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Arrests Turn Up Heat on Iraqi Fugitive

U.S. troops are holding Izzat Ibrahim's wife and daughter, who may know his whereabouts.

November 27, 2003|John Hendren | Times Staff Writer

TIKRIT, Iraq — U.S. soldiers have arrested the wife and daughter of Izzat Ibrahim, a former Iraqi general who is believed to have been helping loyalists to deposed President Saddam Hussein regroup and coordinating intensified attacks against the U.S. led-coalition, Maj. Gen. Ray Odierno said Wednesday.

The two women, along with the son of Ibrahim's doctor, were detained by soldiers with the Army's 4th Infantry Division late Tuesday in a raid on a house near Samarra and were being held for interrogation.

"We believe that they might have some information on where he is traveling, how he is moving," Odierno said.

Ibrahim, the most-wanted former regime official after Hussein, is being sought dead or alive and is the subject of a $10-million reward.

The arrests were part of the coalition's intensified military campaign against insurgents, particularly here in the heart of the so-called Sunni Triangle, where support for Hussein remains strongest.

"We're getting some reports of people coming back in here and trying to reorganize," said Odierno, who is in charge of the violent region north of Baghdad that surrounds Tikrit, Hussein's tribal power base.

U.S. officials are uncertain whether Ibrahim is the ringleader of attackers in the area or a financier, but commanders said informers have suggested that he remained active among insurgents who have eluded U.S. forces since President Bush declared major combat over on May 1.

"He certainly is involved. He's been involved from the beginning," Odierno said, though he acknowledged that he had no proof that Ibrahim was behind recent attacks. "He's a close associate [of Hussein].... He has the ability to control and potentially provide money or direction."

Pentagon officials acknowledge that intelligence has been spotty, in part because the United States had few operatives in Iraq before the war began. Despite substantial electronic surveillance -- by satellites, spy planes and other means -- the military hasn't found Hussein, which critics say is because of the paucity of intelligence sources.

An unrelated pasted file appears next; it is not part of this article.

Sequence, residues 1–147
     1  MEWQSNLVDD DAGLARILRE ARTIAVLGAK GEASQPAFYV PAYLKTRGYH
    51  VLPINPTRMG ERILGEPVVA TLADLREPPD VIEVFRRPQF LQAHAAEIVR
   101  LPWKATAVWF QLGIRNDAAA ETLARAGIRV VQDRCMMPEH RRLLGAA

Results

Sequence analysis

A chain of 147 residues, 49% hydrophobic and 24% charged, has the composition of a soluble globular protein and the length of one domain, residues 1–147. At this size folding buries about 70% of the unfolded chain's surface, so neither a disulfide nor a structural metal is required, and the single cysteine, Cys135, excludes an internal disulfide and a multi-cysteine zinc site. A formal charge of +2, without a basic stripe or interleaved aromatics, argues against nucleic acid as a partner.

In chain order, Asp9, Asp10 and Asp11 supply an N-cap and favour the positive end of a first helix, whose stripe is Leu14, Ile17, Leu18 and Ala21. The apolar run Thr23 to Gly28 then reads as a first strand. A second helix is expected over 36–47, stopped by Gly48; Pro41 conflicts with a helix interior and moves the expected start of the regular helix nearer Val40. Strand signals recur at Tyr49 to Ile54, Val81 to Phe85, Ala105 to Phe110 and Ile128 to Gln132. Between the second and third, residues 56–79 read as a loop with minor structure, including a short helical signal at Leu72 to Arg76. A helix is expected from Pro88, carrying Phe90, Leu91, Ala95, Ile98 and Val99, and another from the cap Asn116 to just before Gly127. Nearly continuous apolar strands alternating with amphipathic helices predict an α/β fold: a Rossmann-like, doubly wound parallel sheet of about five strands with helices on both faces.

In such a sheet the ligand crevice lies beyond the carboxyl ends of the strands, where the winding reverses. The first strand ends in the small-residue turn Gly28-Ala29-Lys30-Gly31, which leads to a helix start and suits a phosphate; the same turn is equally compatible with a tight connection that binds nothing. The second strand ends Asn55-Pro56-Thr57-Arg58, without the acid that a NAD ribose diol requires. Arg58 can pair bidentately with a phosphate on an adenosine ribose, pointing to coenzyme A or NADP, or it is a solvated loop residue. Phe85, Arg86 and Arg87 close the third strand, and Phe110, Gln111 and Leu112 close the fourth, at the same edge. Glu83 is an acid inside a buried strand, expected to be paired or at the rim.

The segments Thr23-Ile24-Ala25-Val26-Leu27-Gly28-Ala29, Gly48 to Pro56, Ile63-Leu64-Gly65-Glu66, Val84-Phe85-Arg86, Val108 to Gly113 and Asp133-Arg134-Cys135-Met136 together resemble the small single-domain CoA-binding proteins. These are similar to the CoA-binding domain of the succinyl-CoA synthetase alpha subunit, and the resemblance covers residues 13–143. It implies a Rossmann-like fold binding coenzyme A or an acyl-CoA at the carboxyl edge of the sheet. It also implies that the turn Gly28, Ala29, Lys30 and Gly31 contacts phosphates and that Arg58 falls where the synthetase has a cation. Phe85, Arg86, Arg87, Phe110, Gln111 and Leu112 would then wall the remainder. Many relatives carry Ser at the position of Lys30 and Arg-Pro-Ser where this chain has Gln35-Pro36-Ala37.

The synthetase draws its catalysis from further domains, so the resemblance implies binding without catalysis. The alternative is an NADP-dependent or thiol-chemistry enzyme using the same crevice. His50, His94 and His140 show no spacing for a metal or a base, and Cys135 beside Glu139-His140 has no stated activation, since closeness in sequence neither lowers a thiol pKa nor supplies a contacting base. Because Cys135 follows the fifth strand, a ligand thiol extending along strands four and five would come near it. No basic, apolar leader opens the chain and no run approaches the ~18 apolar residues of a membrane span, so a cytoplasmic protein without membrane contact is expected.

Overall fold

Having found Hussein elusive, officials have focused on Ibrahim. The former Iraqi army leader initially was No. 6 on the list but moved up after the capture or killing of other top regime members, including Hussein's sons, Uday and Qusai, who died in a July shootout.

One reason U.S. commanders believe that insurgent leaders have concentrated near Tikrit is that numerous high-profile figures have been found together recently. About four weeks ago, soldiers with the 4th Infantry's 1st Brigade arrested more than 20 members of what they described as the most important pro-Hussein families in the region, who were meeting in Al Auja, Hussein's birthplace.

"We still don't know why we caught so many in one place," said Col. James Hickey, the brigade's commander. "We think they were planning something."

Unspecified intelligence suggests that Ibrahim had recently been in the house raided Tuesday, commanders said. That information was "very fresh" and "extremely accurate," Hickey said.

"We got exactly who we were looking for. It went quite well," he added. "The fact that his family members were there [as well as] key staff members is very, very interesting."

Their presence reinforced commanders' confidence that they were getting closer to fugitives such as Ibrahim and Hussein, although Odierno said he could no longer repeat a recent assertion that Hussein was probably in the Tikrit area.

The arrests Tuesday prompted a protest by more than 150 residents of the Abu Delaf neighborhood that was broken up "mostly" by Iraqi police, a U.S. military official said. The protesters insisted that those arrested had nothing to do with anti-coalition attacks.

Despite drawing the ire of a community that Odierno said had produced more regime leaders than any other, commanders said they have gleaned valuable information from family members.

"We've forced the withdrawal of quite a few senior members of the regime," said Hickey, who commanded the raid Tuesday. "The upshot is, if you want to know what's going on with these guys, you've got to get inside their families."

Odierno's Task Force Iron Horse has intensified its raids, angering residents by using 500-pound "smart" bombs to raze homes allegedly used by insurgents. The escalating force came in response to fewer but more serious guerrilla attacks here during the Ramadan period, including the downing of a Black Hawk helicopter near Tikrit that killed six U.S. soldiers.

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